That is a lesson that has been brought to many of us over the past months. When I see reports of bombs falling in Afghanistan, I ask myself: “Why?” And each time I get the same answer. We are not trying to annihilate the Taliban out of pure righteousness; they were evil long before the September 11th attack, hence righteousness would have required an earlier assault. Nor are we truly trying to avenge the deaths of our countrymen. Further indiscriminant killing will not appease the dead. Nor are we trying to protect the world from terrorism, because terrorism comes from the very climate of despair and chaos that we are creating.

Grief. What comes to mind is Timothy McVeigh, the runner up for the largest act of terrorism in the United States. Most of the investigation was a process of focusing the attention on him. So, few people will remember all of the accomplices that had been given light sentences for informing McVeigh. That is why my guess is that the truckloads of “misplaced” evidence discovered at the end of the trial would not have proved his innocence. Rather, it may have shown the trail of history that forged him, and shown a touch of his humanity.

There was a debate on whether to allow the evidence into the trial or not. Endless stories about the families of the dead were aired and printed. It was a showcase of human grief. From that stew came the public opinion polls, which all showed a deep sympathy for the victims and their families. All of this was compounded by a newly selected president who was eager to make good on a campaign promise and to start any discussion other than the one around the legitimacy of his office. It all created an air of urgency around the execution. This was contrasted with the possibility of a long and drawn-out process of going through the new evidence.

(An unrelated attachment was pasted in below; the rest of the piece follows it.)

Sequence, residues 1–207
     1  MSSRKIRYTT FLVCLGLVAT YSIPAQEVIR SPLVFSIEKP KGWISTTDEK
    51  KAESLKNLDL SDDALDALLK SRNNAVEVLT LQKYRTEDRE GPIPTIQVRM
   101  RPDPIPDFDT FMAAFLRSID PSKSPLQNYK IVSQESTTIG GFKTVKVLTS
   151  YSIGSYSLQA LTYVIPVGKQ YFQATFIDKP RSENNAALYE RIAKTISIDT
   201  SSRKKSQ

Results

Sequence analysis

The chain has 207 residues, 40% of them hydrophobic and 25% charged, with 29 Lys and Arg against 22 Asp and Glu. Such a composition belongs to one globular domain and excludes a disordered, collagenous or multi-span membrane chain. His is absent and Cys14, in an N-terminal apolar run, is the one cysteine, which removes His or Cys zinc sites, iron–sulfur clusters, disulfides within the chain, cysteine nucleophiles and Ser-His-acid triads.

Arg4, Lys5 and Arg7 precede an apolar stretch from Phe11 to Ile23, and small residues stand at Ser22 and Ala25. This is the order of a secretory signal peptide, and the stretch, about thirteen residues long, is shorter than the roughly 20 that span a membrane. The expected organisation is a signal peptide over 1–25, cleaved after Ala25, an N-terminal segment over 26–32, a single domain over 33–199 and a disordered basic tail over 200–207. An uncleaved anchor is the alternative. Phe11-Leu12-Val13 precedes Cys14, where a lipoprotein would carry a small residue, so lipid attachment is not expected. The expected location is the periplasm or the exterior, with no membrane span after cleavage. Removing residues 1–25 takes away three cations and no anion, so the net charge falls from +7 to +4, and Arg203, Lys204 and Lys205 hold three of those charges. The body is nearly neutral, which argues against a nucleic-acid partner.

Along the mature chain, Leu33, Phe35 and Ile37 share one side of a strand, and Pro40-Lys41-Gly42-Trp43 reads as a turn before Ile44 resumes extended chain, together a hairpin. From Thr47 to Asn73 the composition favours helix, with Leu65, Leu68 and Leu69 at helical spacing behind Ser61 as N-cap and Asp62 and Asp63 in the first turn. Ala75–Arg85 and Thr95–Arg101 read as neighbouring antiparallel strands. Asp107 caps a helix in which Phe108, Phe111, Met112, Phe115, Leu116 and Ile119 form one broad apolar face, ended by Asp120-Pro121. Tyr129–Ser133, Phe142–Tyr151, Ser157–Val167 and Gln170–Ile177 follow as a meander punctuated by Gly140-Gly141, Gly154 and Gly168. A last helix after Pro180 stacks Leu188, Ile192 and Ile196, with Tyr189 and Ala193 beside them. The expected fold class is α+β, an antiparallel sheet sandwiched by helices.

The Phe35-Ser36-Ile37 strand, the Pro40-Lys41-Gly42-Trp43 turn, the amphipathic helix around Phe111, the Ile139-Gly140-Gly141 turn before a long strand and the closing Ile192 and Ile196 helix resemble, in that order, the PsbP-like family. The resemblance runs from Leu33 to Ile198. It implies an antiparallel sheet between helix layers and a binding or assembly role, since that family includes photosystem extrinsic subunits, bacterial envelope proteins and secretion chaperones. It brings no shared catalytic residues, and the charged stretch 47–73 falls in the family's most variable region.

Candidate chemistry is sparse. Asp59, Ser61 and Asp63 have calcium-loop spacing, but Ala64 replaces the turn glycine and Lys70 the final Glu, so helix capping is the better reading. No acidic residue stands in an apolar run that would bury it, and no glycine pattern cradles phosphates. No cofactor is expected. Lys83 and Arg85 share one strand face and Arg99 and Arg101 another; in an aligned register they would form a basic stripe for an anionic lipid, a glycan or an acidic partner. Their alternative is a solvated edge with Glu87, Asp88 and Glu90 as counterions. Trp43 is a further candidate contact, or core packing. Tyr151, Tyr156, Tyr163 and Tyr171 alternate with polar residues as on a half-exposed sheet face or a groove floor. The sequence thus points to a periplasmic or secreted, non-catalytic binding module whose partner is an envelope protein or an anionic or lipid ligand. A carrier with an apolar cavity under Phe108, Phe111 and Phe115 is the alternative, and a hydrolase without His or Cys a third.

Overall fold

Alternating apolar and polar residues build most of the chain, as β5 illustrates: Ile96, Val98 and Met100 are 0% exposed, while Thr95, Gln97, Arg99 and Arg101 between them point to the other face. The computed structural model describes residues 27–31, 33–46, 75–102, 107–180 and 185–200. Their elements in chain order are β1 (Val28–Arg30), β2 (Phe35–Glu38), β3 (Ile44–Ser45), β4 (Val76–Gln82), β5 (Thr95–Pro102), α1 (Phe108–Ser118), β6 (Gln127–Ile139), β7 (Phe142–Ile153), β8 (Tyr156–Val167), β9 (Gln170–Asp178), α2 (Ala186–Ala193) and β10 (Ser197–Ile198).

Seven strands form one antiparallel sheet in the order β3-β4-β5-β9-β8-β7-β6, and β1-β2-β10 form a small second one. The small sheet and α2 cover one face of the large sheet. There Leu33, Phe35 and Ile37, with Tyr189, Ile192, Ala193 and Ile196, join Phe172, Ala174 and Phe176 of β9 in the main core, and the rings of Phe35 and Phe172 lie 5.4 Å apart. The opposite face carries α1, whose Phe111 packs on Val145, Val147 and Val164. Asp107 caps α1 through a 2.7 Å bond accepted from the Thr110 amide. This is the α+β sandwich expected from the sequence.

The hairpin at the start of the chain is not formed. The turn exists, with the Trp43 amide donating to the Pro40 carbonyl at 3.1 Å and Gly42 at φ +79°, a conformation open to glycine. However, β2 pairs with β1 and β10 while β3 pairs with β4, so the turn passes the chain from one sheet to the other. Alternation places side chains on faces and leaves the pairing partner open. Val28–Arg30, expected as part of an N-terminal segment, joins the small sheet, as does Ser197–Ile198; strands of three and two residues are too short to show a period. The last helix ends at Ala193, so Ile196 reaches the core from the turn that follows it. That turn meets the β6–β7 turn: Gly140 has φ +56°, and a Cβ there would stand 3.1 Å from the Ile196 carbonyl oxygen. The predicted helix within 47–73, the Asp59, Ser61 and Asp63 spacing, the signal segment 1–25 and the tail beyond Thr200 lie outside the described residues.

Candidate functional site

I should say now that I was begrudgingly in support of the death of McVeigh. During his icy examinations, he proved he wasn’t guilty of any wrongdoing. He was simply following his moral code – and that moral code needed to end.

Afterward, the media went back to the families of the victims. I remember buying the paper that day. The survivors, after all, were the ones closest to the attack, and thus those capable of the deepest insight. In my confusion of the events I blindly turned to them for words of wisdom and perspective on hard decisions. What I got was, “It still hurts …” in gigantic headline letters.

Well of god-damn-mother-fucking-of-Jesus-cocking-Christ course it still hurt! It was suddenly clear to me. The nation had demanded the death of a man for the purposes of therapy, not exact retribution. Our idea of coming together for our grieving countrymen was to give them more death. And we were surprised to find that it didn’t work? I was scared and angry. How far would we go before we realized that it wasn’t helping? The answers laid only in the future.

And here we are, in the future. We are reeling from a tragedy. We are symbolizing the work of a network with the face of a man. We are avoiding grief, going into debt and killing.

Grief is like debt, and we are caught in the spiral. The longer we avoid it, the larger it gets and al-Qaeda is just one of many creditors forced to come to our door. We are not that spiritually poor of a nation. Like my family, we just need to find our footing, stop wasting our time on meaningless things like chanting “U.S.A.” in stadiums, look ourselves in the mirror and decide how to deal with these new mountains.